Updated at 6:08 p.m. ET
The NCAA has announced that it is canceling its Division I men's and women's college basketball tournaments. This year, there will be no March Madness.
"This decision is based on the evolving COVID-19 public health threat, our ability to ensure the events do not contribute to spread of the pandemic, and the impracticality of hosting such events at any time during this academic year given ongoing decisions by other entities," the NCAA said in a statement Thursday.
The decision followed earlier decisions by college basketball's major conferences to cancel their tournaments. Duke and Kansas said that they were suspending all athletic competitions indefinitely; the ACC conference did the same.
The NCAA had previously announced that the basketball tournaments would take place only in front of essential staff and limited family members — no crowds.
Basketball isn't the only sport affected: the NCAA's decision to cancel all remaining winter and spring tournaments means there also won't be championships in hockey, softball, baseball or lacrosse.
SEC conference commissioner Greg Sankey noted that some of those other events were months away. "Surprised that we've made a decision now in mid-March to not play baseball or softball national championship events [scheduled to happen in June]. So I look forward to learning what informed that decision," he told ESPN.
Announcements from across the American sports landscape fell on sports fans on Thursday: Most everything is canceled or at least postponed.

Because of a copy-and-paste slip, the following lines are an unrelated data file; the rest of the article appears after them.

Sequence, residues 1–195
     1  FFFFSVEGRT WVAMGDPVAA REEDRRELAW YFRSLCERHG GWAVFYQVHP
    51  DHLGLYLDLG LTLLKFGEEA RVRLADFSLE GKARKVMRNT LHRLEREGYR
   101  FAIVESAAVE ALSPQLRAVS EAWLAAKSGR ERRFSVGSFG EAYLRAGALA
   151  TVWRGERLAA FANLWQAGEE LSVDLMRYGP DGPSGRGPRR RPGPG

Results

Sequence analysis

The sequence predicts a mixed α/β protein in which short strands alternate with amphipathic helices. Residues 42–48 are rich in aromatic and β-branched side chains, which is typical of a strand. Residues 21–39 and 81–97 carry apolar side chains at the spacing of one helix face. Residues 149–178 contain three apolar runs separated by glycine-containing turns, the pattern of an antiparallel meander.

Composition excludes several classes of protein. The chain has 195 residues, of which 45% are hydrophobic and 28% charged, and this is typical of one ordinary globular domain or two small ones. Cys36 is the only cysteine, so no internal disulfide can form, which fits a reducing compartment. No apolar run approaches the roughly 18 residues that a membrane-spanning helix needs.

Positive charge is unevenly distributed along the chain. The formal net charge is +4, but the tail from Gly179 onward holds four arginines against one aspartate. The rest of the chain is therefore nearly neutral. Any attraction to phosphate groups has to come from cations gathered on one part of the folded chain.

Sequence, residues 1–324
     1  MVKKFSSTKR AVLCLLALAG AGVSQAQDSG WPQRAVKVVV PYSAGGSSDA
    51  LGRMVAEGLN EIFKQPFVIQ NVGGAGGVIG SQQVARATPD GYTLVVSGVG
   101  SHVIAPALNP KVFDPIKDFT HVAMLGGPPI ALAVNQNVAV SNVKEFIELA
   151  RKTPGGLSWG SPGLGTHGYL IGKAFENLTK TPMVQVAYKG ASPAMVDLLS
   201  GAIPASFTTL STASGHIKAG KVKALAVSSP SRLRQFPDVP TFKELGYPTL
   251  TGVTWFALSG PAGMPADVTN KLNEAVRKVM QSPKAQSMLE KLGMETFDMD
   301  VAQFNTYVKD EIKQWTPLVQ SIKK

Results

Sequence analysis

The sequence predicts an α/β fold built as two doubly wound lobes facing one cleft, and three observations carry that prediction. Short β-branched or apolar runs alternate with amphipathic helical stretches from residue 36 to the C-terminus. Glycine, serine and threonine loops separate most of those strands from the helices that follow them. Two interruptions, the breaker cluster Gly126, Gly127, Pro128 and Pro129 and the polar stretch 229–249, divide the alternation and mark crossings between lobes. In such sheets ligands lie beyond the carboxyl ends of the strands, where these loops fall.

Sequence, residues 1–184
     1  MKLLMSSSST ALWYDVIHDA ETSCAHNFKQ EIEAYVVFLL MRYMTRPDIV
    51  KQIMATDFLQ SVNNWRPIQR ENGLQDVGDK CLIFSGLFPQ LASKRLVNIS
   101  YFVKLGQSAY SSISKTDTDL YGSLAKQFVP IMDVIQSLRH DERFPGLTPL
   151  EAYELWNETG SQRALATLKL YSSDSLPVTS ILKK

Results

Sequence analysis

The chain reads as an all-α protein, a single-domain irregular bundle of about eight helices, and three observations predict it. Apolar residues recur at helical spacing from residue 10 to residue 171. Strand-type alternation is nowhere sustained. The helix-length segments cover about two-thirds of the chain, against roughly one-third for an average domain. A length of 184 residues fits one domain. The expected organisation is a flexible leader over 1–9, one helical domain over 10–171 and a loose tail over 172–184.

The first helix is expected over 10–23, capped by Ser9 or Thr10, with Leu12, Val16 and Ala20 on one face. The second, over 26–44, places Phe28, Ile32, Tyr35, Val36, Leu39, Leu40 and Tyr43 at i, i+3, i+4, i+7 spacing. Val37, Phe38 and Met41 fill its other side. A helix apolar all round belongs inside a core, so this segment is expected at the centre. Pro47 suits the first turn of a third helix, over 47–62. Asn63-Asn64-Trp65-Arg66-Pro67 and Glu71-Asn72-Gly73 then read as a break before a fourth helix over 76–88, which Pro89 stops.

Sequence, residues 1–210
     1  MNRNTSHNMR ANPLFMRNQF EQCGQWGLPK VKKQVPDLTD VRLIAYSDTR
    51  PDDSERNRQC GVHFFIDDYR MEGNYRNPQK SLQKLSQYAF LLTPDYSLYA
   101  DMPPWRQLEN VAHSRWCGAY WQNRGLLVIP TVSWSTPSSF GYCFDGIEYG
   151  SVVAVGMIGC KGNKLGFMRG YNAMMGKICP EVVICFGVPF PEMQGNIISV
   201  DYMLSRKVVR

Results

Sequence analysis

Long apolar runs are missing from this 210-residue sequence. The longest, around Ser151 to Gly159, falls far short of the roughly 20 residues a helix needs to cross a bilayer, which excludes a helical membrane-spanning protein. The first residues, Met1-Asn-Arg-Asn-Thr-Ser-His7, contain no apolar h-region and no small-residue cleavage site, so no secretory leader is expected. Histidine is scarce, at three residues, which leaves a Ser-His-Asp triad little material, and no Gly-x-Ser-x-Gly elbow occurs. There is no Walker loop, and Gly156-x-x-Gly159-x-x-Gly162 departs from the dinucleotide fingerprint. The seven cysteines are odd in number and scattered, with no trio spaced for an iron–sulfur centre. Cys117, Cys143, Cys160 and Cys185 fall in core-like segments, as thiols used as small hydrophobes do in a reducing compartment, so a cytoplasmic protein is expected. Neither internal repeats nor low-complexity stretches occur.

Major League Baseball halted spring training and delayed the start of the regular season for two weeks. The National Hockey League told its teams to chill for 30 days. Major League Soccer won't play for the next month.
And the NBA announced Wednesday night that it has called off the entire rest of its season, after Utah Jazz player Rudy Gobert tested positive for COVID-19. The game was called off moments before tip-off as word came in about Gobert's test result. The entire team, as well as some staff members and beat reporters were then tested for the virus — a second Jazz player, Donovan Mitchell, tested positive.
Four teams that recently played the Jazz — the Detroit Pistons, Boston Celtics, Washington Wizards and Toronto Raptors — said that they have some players and staff in quarantine.
The cancellations and postponements reflect concerns for the health of players, staff and fans amid the coronavirus outbreak, as well as new restrictions being enacted in a growing number of U.S. cities and states that discourage or ban large gatherings of people.
In its statement announcing the delay of opening day, Major League Baseball referred to the coronvirus as a national emergency: "This action is being taken in the interests of the safety and well-being of our players, Clubs and our millions of loyal fans."